The U.S. House of Representatives’ Coast Guard and Maritime Transportation Subcommittee will hold a hearing on Wednesday, June 21, 2023 to assess the future challenges and needs of the U.S. Coast Guard.
Entitled “Review of the National Academy of Sciences Report ‘The Coast Guard’s Next Decade: An Assessment of Emerging Challenges and Statutory Needs’,” the 10 a.m. (ET) hearing will review the newly published report, which discusses a range of emerging challenges for the U.S. Coast Guard over the coming years, including ones driven by climate change, technology and innovation, and global strategic competition.
The January 21 Subcommittee hearing includes the following witness testimony from
- Admiral Steve Poulin, Vice Commandant, United States Coast Guard
- Cary Coglianese, Ph.D., Chair, Committee for a Study on New Coast Guard Authorities, National Academy of Sciences
- Heather MacLeod, Director, Homeland Security and Justice, United States Government Accountability Office
More information about the hearing, including links to witness testimony and a link to the live webcast can be accessed here.
Requested by Congress in P.L. 116-283, the William M. (Mac) Thornberry National Defense Authorization Act for Fiscal Year 2021, the report identifies emerging issues affecting the U.S. maritime domain that are likely to demand Coast Guard “oversight, regulation, or action” over the next decade. It then assesses whether the Coast Guard may need any adjustments or additions to its statutory authority to be able to address the identified issues.
To identify foreseeable developments, as well as to identify likely actions needed in response and to assess the adequacy of the Coast Guard’s existing statutory authority, the study committee consulted widely with leaders of the Coast Guard, individuals from outside the Coast Guard with broad maritime domain experience, and experts in a range of relevant technical fields.
Drawing on these consultations and committee members’ own expert judgment, the committee identified the following 10 issue areas or developments that will confront the Coast Guard over the next decade:
- autonomous systems;
- cybersecurity risk;
- commercial spaceflight operations;
- offshore wind energy;
- the Arctic domain;
- ship decarbonization;
- migration; and
- illegal, unreported, and unregulated (IUU) fishing.
About the Coast Guard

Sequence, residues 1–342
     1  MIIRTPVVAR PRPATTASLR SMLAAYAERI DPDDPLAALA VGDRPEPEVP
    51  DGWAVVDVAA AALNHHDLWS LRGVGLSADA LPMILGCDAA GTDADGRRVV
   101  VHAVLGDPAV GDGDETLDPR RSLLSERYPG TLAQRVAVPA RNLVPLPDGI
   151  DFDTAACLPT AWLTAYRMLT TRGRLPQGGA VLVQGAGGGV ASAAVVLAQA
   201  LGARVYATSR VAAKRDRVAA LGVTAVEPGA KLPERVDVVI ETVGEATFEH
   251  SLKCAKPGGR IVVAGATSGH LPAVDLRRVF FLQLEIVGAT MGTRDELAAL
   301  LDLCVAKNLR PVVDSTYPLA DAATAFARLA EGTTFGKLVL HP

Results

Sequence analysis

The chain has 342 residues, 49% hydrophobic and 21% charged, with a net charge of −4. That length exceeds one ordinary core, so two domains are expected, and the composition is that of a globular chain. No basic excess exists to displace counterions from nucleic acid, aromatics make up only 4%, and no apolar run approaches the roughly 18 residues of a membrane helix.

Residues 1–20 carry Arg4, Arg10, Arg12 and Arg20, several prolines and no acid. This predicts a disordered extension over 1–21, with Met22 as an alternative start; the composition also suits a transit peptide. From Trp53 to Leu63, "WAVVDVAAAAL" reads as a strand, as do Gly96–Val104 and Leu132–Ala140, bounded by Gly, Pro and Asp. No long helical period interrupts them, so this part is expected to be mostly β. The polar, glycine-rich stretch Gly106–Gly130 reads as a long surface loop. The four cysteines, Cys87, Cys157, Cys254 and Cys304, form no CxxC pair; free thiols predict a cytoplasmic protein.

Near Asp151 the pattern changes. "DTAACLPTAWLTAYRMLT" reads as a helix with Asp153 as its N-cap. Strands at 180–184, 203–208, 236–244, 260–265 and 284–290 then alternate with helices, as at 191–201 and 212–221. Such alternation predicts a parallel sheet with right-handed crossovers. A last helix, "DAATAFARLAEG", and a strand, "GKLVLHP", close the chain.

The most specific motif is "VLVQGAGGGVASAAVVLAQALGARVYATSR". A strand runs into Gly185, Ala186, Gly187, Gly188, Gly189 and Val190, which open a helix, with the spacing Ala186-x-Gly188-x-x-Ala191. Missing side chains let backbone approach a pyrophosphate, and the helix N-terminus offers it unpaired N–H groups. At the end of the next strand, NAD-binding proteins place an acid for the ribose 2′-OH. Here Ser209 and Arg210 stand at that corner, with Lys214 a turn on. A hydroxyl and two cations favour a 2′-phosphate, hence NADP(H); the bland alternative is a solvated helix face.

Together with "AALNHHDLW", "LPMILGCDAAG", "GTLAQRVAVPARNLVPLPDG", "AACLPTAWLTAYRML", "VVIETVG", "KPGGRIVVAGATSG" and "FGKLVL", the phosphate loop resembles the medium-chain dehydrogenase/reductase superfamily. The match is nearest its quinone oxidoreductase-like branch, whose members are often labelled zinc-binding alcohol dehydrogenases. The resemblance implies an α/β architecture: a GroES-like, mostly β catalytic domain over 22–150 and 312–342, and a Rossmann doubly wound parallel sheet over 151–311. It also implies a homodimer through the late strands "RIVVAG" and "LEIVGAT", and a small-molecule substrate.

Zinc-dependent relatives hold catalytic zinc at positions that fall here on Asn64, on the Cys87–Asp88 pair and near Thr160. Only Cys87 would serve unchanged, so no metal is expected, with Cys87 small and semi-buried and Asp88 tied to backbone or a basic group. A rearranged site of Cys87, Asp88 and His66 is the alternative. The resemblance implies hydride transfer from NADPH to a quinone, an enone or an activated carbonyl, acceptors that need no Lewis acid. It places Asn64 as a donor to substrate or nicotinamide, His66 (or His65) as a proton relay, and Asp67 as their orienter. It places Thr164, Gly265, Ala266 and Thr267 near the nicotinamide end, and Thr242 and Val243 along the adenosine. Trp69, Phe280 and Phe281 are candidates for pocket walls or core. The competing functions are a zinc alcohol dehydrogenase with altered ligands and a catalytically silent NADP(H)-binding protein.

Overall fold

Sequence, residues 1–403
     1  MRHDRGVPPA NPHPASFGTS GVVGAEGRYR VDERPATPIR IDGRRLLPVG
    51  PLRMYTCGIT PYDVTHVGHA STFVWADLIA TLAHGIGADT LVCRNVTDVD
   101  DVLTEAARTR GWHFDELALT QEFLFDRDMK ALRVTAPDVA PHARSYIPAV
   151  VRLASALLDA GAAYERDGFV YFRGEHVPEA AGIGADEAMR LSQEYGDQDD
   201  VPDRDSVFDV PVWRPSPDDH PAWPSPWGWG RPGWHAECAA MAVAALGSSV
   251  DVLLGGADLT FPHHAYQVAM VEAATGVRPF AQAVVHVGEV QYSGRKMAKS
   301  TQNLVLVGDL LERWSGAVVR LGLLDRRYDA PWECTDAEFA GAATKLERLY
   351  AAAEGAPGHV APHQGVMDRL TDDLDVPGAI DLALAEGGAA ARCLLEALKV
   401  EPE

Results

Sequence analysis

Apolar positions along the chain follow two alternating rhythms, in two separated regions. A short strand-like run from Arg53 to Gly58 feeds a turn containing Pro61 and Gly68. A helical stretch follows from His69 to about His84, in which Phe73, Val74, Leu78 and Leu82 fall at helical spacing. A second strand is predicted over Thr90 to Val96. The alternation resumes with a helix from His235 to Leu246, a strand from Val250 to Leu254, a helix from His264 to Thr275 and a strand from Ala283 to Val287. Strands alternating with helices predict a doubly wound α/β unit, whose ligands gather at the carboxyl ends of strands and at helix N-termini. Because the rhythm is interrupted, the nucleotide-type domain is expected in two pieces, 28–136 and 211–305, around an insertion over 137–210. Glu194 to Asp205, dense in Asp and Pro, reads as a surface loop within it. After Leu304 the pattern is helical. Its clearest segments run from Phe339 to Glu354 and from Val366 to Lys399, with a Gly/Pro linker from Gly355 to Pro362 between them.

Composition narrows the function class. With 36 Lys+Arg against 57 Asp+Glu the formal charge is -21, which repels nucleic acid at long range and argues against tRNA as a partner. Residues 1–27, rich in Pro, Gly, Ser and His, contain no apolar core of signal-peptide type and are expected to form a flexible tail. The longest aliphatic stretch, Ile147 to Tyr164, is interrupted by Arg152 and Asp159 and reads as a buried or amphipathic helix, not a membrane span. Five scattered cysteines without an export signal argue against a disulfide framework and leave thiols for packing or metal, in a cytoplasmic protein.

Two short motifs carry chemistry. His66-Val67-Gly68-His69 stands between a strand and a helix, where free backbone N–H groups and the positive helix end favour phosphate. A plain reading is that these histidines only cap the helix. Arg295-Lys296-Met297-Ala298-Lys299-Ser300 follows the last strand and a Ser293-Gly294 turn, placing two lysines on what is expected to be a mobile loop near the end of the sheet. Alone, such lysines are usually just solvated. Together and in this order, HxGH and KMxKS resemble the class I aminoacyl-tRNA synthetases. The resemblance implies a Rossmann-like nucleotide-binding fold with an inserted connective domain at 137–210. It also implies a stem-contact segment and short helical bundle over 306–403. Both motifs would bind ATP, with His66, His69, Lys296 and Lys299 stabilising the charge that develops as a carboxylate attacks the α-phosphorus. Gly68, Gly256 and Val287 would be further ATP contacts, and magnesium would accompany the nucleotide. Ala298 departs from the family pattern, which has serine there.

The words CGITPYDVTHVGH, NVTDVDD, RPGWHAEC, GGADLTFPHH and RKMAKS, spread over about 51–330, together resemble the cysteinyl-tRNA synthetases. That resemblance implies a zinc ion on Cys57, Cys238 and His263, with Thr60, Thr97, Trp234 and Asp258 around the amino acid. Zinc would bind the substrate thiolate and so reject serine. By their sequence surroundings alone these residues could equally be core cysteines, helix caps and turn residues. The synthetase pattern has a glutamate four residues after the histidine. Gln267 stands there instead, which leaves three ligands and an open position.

One of the United States’ six armed forces, the U.S. Coast Guard carries out many important military and civilian missions as an emergency responder, law enforcement agency, member of the intelligence community, manager of the navigable waterways, protector of maritime safety and security, and steward of the marine environment.
To fulfill its many functions, the Coast Guard must be able to anticipate, prepare for, and meet a host of new and changing demands across a vast and increasingly varied maritime domain in a manner that is increasingly agile, adaptive and digitally adept.
About the Subcommittee on Coast Guard and Maritime Transportation
The Subcommittee on Coast Guard and Maritime Transportation conducts oversight of the U.S. Coast Guard, the Service responsible for enforcing the Nation’s laws on waters under U.S. jurisdiction and on the high seas. The Coast Guards many missions include search and rescue, illegal drug and migrant interdiction, oil spill prevention and response, maritime safety and security, maintaining aids to navigation, icebreaking, and enforcement of U.S. fisheries and marine pollution laws.
The Subcommittee also has jurisdiction over regulation of ocean shipping and the merchant marine, except as it relates to national security.
One of the Subcommittee’s regular priorities is legislation to authorize the Coast Guard’s programs and to support and strengthen the important missions of one of the Nation’s five armed services.
Issues and agencies under the jurisdiction of the Coast Guard and Maritime Transportation Subcommittee include: